During centrifugation of a sample, due to the centrifugal force, the sample flows from the inner region 111 to the outer region 112 across the bottleneck portion 601 to form a plurality of layers based on density gradient in the sample chamber 100. When the microfluidic apparatus 1 is stopped from rotating, and thus, the centrifugal force disappears, the bottleneck portion 601 may restrict the movement of the sample between the inner region 111 and the outer region 112. That is, the flow of a fluid in the radial direction in the sample chamber 110 is restricted by the partition wall 600, and thus, a possibility of the mixing of the plurality of layers that are separated by centrifugation may decrease. Inner and outer gaps G1 and G2 of the bottleneck portion 601, that is, a gap between the bottleneck portion 601 and the top wall 1001 may have a size or dimension that is greater than a size or dimension of a gap that would induce a capillary phenomenon in order to enable the flow of a fluid through the bottleneck portion 601. If a capillary phenomenon occurs in the bottleneck portion 601, the bottleneck portion 601 is clogged, thereby making the flow of the fluid difficult during centrifugation. According to the present embodiment, the inner and outer gaps G1 and G2 of the bottleneck portion 401 may have a size or dimension that is greater than a size or dimension of a gap that would induce a capillary phenomenon, and during centrifugation, the fluid smoothly moves from the inner region 111 to the outer region 112 due to the centrifugal force, and after the centrifuging, the flow of the fluid between the inner region 111 and the outer region 112 may be partially restricted due to the relatively narrow inner and outer gaps G1 and G2.

During centrifugation, the sample needs to smoothly flow from the inner region 111 to the outer region 112. In one embodiment, the partition wall 600 may be formed in such a way that the bottleneck portion 601 is narrower from an inner portion of the sample chamber 100 to an outer portion of the sample chamber 100. That is, a fluid passage formed by the bottleneck portion 601 may have the inner gap G1 that is wider than the outer gap G2. During centrifugation, the sample flows from the inner region 111 to the outer region 112 due to the centrifugal force, that is, the sample may pass through the bottleneck portion 601 from the wider inner gap Cl to the narrower outer gap G2 to reach the outer region 112. However, when centrifugation is stopped, the centrifugal force disappears, and thus the sample does not smoothly pass through the bottleneck portion 601 due to the narrow outer gap G2. Thus, during centrifugation, the sample may relatively smoothly flow from the inner region 111 to the outer region 112, and when centrifugation is stopped, a flow of the sample from the outer region 112 to the inner region 111 is reduced or restricted. The shape of a cross-section of the partition wall 600 for forming the bottleneck portion 601 may be triangle with an apex 604 as illustrated in FIG. 4. In this regard, an inclined angle A2 of a hypotenuse 606 of the outer region 112 is greater than an inclined angle A1 of a hypotenuse 605 of the inner region 111. Such a structure may easily restrict the flow of the sample from the outer region 112 to the inner region 111. In addition, since the hypotenuse 605 and the bottom surface 113 of the inner region 111 do not have a step therebetween, the sample may more smoothly flow from the inner region 111 to the outer region 112 during centrifugation.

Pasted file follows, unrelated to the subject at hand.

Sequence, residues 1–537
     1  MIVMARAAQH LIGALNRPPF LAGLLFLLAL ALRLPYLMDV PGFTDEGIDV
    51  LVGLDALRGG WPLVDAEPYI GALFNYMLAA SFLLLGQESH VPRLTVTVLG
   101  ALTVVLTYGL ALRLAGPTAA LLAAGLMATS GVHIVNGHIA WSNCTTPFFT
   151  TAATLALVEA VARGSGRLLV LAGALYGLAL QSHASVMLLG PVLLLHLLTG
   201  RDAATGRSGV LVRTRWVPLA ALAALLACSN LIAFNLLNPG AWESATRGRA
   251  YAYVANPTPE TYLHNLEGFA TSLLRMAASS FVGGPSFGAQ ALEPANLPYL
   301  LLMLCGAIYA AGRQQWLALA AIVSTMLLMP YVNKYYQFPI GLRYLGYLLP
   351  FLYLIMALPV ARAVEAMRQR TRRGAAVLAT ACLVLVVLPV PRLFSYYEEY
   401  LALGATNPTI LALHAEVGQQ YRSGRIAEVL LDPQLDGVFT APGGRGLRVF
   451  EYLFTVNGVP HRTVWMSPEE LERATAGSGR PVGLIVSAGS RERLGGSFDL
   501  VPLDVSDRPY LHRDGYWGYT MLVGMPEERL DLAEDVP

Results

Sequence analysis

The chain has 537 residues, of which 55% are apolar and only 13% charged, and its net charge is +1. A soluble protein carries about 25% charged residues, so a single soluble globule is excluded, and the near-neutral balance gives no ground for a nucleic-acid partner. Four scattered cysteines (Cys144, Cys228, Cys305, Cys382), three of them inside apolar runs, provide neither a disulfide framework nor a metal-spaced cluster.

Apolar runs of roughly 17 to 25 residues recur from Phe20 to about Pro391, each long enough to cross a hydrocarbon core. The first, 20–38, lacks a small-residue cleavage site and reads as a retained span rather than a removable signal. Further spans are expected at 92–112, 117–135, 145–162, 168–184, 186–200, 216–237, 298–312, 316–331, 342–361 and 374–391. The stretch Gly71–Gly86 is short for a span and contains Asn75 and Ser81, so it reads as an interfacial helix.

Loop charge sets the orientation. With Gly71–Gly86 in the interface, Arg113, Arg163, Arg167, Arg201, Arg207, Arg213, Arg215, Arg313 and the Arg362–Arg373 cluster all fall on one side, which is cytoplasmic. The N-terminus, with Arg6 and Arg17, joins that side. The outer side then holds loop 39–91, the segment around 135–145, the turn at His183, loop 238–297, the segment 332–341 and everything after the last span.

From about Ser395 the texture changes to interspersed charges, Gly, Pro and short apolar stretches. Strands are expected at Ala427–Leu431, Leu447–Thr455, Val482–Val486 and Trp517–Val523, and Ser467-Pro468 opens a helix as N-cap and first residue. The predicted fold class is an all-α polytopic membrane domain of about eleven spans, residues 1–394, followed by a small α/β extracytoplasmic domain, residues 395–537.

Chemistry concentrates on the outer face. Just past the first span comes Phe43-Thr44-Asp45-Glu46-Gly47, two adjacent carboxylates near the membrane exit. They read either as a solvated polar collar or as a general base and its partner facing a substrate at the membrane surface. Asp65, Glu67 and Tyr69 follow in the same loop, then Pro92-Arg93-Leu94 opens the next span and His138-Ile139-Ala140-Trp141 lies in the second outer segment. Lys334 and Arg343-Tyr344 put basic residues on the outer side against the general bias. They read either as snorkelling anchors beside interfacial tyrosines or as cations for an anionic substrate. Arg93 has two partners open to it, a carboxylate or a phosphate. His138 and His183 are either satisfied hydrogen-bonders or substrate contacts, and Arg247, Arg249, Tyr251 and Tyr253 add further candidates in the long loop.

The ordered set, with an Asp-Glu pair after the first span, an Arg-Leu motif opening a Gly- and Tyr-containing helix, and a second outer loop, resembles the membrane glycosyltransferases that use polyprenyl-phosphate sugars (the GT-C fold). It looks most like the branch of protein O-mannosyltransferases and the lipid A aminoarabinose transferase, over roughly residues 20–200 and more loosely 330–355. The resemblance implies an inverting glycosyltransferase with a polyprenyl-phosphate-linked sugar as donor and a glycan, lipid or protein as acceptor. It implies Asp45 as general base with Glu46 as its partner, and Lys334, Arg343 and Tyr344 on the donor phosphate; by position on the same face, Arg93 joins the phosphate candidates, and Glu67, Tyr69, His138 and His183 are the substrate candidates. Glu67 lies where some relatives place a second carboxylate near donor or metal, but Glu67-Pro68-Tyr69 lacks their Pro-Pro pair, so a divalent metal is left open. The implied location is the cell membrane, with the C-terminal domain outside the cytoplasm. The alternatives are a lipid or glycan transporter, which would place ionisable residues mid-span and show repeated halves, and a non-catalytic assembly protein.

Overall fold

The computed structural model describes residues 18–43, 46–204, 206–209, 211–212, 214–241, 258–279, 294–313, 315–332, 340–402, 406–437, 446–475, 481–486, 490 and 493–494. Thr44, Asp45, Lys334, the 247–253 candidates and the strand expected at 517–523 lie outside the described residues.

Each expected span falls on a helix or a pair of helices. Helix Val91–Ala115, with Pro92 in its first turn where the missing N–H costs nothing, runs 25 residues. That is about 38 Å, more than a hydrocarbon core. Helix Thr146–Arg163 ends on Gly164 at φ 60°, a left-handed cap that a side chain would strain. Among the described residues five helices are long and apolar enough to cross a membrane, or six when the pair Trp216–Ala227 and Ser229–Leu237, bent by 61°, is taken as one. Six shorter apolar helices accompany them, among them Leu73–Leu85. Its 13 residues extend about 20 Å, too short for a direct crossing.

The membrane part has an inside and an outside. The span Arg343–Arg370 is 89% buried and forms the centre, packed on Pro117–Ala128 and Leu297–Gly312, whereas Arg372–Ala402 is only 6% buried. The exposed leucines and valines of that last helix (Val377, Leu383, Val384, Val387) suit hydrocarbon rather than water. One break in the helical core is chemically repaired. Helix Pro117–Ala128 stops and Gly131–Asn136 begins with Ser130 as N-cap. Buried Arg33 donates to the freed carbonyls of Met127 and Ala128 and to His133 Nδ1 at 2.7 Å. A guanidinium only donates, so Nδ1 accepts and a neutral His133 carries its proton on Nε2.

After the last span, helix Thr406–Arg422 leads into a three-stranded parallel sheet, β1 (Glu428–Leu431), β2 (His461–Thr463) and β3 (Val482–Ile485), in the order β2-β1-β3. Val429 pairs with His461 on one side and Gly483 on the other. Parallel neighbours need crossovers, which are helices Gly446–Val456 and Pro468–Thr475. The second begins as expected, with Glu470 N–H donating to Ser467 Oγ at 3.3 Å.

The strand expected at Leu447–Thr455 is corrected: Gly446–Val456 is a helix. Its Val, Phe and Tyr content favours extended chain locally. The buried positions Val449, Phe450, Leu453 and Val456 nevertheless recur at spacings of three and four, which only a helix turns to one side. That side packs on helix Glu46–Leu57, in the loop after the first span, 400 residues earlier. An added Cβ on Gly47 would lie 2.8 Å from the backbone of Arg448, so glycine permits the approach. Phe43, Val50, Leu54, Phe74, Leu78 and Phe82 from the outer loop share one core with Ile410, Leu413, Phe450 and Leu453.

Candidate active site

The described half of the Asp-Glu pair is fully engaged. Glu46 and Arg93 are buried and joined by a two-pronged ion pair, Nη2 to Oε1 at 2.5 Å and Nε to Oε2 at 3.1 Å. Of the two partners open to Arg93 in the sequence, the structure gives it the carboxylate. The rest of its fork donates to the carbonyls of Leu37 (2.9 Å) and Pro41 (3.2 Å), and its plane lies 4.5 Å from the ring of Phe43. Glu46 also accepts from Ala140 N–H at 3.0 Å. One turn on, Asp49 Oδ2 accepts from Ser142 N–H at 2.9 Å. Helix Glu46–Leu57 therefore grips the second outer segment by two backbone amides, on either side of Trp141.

Although the partition wall 600 illustrated in FIG. 4 has a triangular cross-section, embodiments are not limited thereto. As illustrated in FIG. 5, the cross-section of the partition wall 600 may be a trapezoid having the hypotenuses 605 and 606 and a top surface 607 parallel to the top wall 1001. In addition, the cross-section of the partition wall 600 may have various other shapes as long as a size or dimension of the minimal gap of the bottleneck portion 601 is greater than a size or dimension of the gap that would induce a capillary phenomenon.